Exploring the challenges facing the Christian church as it seeks to be faithful to its past and relevant to its future is a perfect example of the type of article your magazine needs.

    And it shouldn't be written by a secularist, but by a person with a background that lets them see both the plusses and minuses to the challenge.

    But that's a little too outside the box, I guess.

    Since the Christian church/belief system has been around for over 2,000 years, I think it's safe to say it has a head start on Fast Company.

  • Jerome

    Well, Plogging certainly seems to catch some attention again..
    Thanks for the info; I was not at all aware that Plogging meant 'Product blogging' at some time (Amazon used the formula 'Personalized blogging' I beleive, seems an euphemism to me anyway). How can a blog not be personalized? But again, Personalized does not mean personal.
    Of course there were Klogs as well (knowledge logs from the coders community?).

    Personnaly, I like the term 'Project Log' (instead of 'Project Blog').'Blog' stems from Web-log = Blog in short. Logs also refer to sailing and navigation in general and I like the allusion too.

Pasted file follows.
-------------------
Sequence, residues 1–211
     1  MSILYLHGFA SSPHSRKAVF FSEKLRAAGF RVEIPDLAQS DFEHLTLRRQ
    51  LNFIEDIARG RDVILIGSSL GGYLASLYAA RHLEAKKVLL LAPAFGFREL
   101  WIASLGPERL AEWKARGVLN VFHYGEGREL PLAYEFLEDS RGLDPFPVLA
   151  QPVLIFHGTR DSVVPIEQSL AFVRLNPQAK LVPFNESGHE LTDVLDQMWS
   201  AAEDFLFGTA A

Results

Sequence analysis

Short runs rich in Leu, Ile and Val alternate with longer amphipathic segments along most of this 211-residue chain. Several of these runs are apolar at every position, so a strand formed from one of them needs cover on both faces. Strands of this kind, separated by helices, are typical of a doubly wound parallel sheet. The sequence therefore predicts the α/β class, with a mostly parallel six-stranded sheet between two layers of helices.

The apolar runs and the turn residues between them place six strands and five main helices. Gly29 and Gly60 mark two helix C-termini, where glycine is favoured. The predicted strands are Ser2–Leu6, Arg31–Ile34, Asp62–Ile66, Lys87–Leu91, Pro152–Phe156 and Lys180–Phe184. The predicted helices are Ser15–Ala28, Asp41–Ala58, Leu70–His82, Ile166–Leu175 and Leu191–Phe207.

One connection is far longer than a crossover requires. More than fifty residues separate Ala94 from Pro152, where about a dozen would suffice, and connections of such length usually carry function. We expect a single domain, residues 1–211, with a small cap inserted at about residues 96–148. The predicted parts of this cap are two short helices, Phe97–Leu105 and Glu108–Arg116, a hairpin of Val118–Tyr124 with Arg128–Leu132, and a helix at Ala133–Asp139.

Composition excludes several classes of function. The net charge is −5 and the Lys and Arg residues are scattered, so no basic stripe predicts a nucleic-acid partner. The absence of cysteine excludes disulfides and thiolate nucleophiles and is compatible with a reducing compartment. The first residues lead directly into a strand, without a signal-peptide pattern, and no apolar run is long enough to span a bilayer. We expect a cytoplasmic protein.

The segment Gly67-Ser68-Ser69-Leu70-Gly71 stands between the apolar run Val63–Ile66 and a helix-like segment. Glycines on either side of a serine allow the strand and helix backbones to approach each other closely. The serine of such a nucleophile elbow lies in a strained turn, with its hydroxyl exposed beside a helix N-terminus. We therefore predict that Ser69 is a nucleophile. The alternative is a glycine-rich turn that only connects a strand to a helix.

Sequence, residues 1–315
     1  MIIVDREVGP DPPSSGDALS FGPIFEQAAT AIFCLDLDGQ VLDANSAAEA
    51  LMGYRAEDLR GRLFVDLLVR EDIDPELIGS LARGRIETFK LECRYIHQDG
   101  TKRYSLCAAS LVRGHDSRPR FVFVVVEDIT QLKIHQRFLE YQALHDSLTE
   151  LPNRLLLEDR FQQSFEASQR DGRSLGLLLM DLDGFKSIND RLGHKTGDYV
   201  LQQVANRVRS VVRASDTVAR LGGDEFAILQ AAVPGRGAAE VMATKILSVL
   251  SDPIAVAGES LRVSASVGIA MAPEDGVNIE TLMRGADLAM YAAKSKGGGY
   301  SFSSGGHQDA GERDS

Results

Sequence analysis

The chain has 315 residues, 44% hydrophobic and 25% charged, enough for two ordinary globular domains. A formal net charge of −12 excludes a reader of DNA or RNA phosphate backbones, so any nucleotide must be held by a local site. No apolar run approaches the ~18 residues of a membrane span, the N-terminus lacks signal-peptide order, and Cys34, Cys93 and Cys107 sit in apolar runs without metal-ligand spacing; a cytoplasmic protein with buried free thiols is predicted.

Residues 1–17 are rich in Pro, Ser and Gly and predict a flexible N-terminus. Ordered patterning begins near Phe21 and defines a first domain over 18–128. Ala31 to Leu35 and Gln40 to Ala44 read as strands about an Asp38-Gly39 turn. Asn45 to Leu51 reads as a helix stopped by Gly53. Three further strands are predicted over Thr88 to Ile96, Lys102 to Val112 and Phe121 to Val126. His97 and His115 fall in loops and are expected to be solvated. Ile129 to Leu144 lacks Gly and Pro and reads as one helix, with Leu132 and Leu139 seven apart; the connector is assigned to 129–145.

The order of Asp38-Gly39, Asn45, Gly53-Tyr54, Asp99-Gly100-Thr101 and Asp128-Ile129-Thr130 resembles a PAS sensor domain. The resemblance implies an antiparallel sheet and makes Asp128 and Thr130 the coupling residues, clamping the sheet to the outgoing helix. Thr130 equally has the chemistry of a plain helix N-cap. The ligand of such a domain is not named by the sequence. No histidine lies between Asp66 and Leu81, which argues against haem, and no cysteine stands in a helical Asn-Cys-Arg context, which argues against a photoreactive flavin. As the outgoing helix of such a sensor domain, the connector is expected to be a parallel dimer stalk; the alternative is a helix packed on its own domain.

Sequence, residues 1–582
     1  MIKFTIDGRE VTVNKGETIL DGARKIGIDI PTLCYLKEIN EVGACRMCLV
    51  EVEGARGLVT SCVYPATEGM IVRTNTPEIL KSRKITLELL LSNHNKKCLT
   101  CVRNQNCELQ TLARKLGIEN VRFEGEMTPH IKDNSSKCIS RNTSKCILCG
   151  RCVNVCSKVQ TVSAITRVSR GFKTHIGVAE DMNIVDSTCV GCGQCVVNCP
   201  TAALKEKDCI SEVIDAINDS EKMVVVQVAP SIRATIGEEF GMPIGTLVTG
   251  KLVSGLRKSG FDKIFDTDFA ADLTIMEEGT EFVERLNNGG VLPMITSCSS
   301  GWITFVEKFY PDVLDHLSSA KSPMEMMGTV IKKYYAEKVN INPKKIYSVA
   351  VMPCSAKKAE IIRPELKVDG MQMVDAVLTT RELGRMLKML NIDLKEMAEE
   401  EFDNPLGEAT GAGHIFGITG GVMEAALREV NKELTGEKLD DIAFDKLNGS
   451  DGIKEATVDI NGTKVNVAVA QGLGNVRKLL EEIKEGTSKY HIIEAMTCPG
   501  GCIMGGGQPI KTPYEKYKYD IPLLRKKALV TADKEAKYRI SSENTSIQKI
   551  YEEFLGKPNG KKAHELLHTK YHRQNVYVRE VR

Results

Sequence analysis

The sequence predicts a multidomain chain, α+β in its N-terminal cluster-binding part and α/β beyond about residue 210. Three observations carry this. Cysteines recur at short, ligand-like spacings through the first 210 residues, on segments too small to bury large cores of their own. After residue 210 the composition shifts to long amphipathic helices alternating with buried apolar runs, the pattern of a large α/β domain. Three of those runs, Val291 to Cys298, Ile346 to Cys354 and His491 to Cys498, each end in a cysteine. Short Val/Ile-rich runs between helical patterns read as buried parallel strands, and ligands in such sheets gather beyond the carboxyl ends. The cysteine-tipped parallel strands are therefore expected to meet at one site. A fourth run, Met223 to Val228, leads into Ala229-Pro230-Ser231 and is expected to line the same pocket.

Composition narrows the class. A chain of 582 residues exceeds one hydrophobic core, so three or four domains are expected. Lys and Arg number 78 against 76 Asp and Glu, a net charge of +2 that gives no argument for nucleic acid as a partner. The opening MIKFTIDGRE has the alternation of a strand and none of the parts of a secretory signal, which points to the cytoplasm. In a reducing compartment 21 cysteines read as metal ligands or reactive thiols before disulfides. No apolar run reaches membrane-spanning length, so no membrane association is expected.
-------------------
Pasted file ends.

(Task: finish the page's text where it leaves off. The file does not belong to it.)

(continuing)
But this will not change the face of the earth. Yet it is a funny thing that the term Plog still needs sharpenning around the edges. To re-invent or re-engineer is, I think, a good thing.

    How many of you use good-and-steady Plogs and to which end?

    More sensical comments are welcome at: http://visualcuriosity.blogs.c...

  • Heath Row

    Actually, I believe the term "plogging" emerged with a couple of different meanings. Amazon used the term to mean "product blog" shortly after a CIO article on project blogs. Several months later, Inc. magazine commented on "plog" as a buzzword.

    The project management usage most likely predates that of product promotion, and Amazon seems to have stepped back on the "plog" front, so it might be safe to say that the term is now safe for project bloggers. But let's be fair to John -- plogging did mean product blogging in the popular mindset for awhile. And it may yet again.

  • Senseless

    I think the best way to plug yourself is just to comment what you feel, and hope someone takes enough of an interest in your words to look deeper.

  • patrik

    I have read the book and it`s great.

    Different strategies to succedd in makemoney online. Invest little and win BIG, riskfree. It is up to YOU!

    There are 3 kinds of people in the world - those who MAKE it happen, those who WATCH it happen and those who WONDER WHAT HAPPENEND! Which kind of person are you?

  • Jerome

    I am sorry John, with all due respect, don't you think the term 'Plogging' should somehow remain in the field of the 'Project-logs, or Plogs" as in Weblogs and Blogs. Why don't you use the word 'Plugging'? For one thing I know, I was fooled at first by you entry title.

    Pleople are longed used to the term 'Blogging'. 'Plogging' directly derives and also differs from it in the same context as I tried to set out on my Blog entry on Plogs.

    Curious about what you have to say.